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Progressive Rock CD Reviews


Lost Connection

Review by Gary Hill

This act is based in Argentina. Their sound has a lot of electronic music, techno and even heavy metal in it. For me, though, the way it's constructed lands it on the metallic end of the prog genre. I could see them landing under metal, though. Whatever your opinion on the matter, this is a potent set that never feels redundant. Most of the songs have a building sort of vibe to them, becoming far more than their origins before it's all over. I really enjoy this disc, and I bet a lot of you will, too.

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Track by Track Review
They waste no time, firing in with a keyboard-laden techno-based jam. The cut gets into some proggy weirdness as it continues. It is both rocking and almost operatic at times in the vocal delivery. There are some crazed shifts and changes built into this beast. This gets seriously heavy at times, leaning toward heavy metal. It also has some cool science fiction music built into it at points. This is a real powerhouse that's as cool as it is strange.
Pixel Hero
There is an opening section that's a bit understated, other than the vocals. It has a real electronic vibe to it. The cut fires out from there with a smoking hot metallic section that features a rather rubbery rhythmic section. There are parts of this that lean toward epic metal further down the road. As this grinds forward there is a spoken bit a bit like a scene from a show. That earns a parental advisory. As they drive onward through that movement the cut makes me think of things like Dream Theater. This is a real powerhouse that gets back to the song proper from there. The closing movement is packed with drama and power.
Call Now
This comes in seriously heavy and metallic. It eventually shifts out to more proggy zones as it continues. Although the bulk of this piece remains in that metallic, heavy zone, it shifts later to a mellower section that's more purely progressive rock (albeit electronic) zone.
A piano dominated introduction bring this into being with an almost jazz-like sound. The cut grows out from there just a bit, but drops back again for the entrance of the vocals. While this does build up a bit as it continues, it remains in musical mode that's almost fusion and much less intense than the tracks that preceded it.
The Goat
This comes in with a rather stripped down movement that feels electronic. The vocals have a techno kind of ferocity to them. After the first vocal section the number turns heavier and more purely techno as it drives onward. There is a drop back to an almost symphonic keyboard interlude. They bring the techno elements back as it comes out of that part of the piece. Near the end this drops to just a mellow keyboard section that holds the track for roughly its final minute.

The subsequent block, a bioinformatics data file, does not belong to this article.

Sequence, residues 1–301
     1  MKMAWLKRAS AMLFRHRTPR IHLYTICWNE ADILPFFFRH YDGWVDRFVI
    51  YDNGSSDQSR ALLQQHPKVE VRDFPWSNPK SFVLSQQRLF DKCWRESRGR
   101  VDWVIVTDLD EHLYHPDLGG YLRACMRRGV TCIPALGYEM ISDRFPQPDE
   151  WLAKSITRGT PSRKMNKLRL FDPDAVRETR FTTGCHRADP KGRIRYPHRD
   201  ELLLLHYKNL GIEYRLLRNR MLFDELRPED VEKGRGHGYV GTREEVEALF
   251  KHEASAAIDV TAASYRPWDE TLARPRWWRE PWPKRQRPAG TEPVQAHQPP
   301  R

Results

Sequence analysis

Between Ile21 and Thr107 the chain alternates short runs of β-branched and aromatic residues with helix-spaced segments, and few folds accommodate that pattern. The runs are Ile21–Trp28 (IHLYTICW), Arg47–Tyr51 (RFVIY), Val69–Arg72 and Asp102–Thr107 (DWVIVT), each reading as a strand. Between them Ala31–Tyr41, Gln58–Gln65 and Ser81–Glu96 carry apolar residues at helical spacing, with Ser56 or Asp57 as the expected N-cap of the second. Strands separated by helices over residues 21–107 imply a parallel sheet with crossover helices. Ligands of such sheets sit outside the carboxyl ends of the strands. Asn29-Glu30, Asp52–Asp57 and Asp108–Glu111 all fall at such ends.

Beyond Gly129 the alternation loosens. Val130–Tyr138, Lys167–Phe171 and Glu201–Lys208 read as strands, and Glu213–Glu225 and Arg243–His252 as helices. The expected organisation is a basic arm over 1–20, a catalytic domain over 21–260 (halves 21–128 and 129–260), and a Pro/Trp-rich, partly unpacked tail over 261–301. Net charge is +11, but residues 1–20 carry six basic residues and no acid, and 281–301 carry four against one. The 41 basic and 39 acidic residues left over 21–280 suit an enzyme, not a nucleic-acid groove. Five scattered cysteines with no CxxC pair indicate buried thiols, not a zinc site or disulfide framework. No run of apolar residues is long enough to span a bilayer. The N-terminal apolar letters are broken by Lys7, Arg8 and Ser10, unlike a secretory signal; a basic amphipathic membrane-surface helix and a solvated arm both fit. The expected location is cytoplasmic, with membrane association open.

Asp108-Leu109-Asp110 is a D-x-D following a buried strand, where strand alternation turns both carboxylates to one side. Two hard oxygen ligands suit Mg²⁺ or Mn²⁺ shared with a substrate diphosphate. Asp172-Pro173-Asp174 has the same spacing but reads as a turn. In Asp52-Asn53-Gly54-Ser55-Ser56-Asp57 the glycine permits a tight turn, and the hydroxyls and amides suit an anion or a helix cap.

Told You
Powering in heavy and metallic, this works through like that for a time. It drops back after that section to a keyboard-based mellow movement. The vocals come in over the top of that. Another heavy, metallic section emerges for a time. It returns to the mellower zones after that, though. We get another intense metallic movement beyond that section, though. This cut is one of the most dynamic and powerful pieces of the whole set. It's also one of my favorites. I love the slow moving expressive guitar solo later in the number.
Right From the Bone
A pretty intense keyboard bit opens this cut. Then it launches out to a metal meets techno kind of jam. That track is frantic and intense. It's perhaps less prog than some of the other things here, but the crazed changes are still proggy.
This is a rather strange number with a lot of weirdness built into it. It's much more electronic and proggy and less metallic. It's moody and almost symphonic in some ways. There really is an alien element at play on the number.
What If
More of a mix of prog and metallic elements, there is a real epic metal feeling to a lot of this cut. It has a driving energy and vibe. The energy is pretty intense, and the cut works well. It drops to just piano around the three-and-a-half minute mark and then builds back out from there. About a minute later a full prog arrangement takes over, and the cut begins growing upward again from there. There is a powerhouse jam later in the track that brings some metal edges to a decidedly symphonic prog based movement. It has some cool guitar soloing built into it, too.
Vexed Flower

This does a great job of bringing the set to a rousing conclusion. It's arguably the best number here. It has a lot of the same concepts we've heard throughout the set. Yet, there is a certain building at the heart of this that takes it gradually upward more and more in terms of intensity and drama. That makes this such a powerful piece. It's part progressive rock, part epic metal and all powerhouse.

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